A number of UK cases highlight key features of systems of redress around issues of immunity, balance and independence. In Osman, the Court examines UK precedent which claimed to protect wider community interests in effective policing by preventing the police from being constantly exposed to the risk of “tortious liability for policy and operational decisions”.130 In the Court’s view, this amounts to blanket immunity, and obstructed the right of the applicants to have their claim of police negligence examined.131 In Keegan, the concern was not a blanket immunity but a requirement that the applicants would have to prove not simply police negligence in a wrongly targeted raid, rather malice. Setting the balance thus did not reflect the breach of Article 8 rights and the need for an effective mechanism of redress.132 Finally, Khan presents limitations to the then system for police complaints in England and Wales, showing a lack of clarity on the Police Complaints Authority’s power over and oversight of Chief Constables, and in its insufficiently independent relationship towards the executive in terms of appointments and funding.133

Finally, building on Loader and Walker’s discussion of recognition,134 the mechanisms of redress outlined here go beyond citizens to provide a means by which non-citizens are included in processes of contestation regarding processes and actions affecting them.135 Recognition, as a principle of civilized security calls for inclusive mechanisms that give voice to ‘the interests and ideas of those who can reasonably claim a stake in the outcome’ of a state’s decisions and actions.136 Non-citizens excluded from democratic participation in other fora nonetheless have an entitlement to systems of remedy, redress and compensation as a feedback mechanism.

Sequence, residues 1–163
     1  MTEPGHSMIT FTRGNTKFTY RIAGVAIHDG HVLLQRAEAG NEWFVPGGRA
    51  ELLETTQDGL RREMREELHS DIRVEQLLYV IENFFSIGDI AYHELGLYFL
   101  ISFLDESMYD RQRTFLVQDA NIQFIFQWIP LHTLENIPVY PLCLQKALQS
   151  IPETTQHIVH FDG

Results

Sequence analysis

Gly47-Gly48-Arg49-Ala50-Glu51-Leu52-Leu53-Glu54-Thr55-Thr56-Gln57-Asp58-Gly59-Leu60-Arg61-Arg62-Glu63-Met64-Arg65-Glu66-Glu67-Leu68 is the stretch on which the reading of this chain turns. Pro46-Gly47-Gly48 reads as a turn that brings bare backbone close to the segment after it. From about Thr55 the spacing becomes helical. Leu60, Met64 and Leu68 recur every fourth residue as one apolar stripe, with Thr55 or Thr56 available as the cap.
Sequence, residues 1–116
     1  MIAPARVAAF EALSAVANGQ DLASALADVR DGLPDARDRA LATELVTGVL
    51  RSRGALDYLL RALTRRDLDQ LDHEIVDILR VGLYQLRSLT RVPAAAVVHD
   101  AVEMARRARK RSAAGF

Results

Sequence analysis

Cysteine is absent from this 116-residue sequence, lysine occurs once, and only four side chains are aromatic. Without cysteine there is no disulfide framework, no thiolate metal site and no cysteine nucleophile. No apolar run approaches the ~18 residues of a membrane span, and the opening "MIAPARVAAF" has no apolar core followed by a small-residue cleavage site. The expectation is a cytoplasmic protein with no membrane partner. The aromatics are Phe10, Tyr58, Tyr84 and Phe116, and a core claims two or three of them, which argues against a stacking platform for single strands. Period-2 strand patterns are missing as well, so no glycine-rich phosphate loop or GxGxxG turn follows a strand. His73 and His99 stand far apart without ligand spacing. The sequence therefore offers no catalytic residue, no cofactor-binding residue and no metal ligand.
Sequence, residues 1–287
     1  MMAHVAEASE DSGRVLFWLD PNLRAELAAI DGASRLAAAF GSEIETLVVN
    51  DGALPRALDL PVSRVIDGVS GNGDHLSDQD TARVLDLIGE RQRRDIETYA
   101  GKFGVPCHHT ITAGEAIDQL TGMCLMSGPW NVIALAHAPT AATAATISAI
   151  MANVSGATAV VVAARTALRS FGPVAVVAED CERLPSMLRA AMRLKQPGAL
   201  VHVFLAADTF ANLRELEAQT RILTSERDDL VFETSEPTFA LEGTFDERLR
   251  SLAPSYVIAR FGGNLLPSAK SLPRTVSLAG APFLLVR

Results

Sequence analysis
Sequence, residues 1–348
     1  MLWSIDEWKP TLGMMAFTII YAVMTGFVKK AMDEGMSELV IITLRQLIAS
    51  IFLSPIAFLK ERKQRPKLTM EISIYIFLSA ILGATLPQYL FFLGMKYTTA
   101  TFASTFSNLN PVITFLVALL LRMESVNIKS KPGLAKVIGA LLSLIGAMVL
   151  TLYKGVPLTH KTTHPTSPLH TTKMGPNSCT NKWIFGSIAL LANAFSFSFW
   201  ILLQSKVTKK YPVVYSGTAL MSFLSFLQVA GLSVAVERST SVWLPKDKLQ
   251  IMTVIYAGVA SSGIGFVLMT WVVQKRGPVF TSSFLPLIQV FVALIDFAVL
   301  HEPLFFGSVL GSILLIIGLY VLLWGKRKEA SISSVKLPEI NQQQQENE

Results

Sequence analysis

That said, concerns have been raised about the impact of the Court acting as a venue for individual claims of redress, and as an adjudicator of claims that could have been settled within states with proper integration of the convention into domestic law, on the capacity of the Court to fill a wider role of constitutional adjudication and harmonisation at or above a set of minimum standards of rights protection.137 This is not to say the Court has no role in ensuring redress, rather that this purpose may be better served by the Court’s wider governance role in supervising states’ own systems of redress rather than by direct delivery of redress through judgments.

7.2 Horizontal Responsiveness: Landscapes of Governance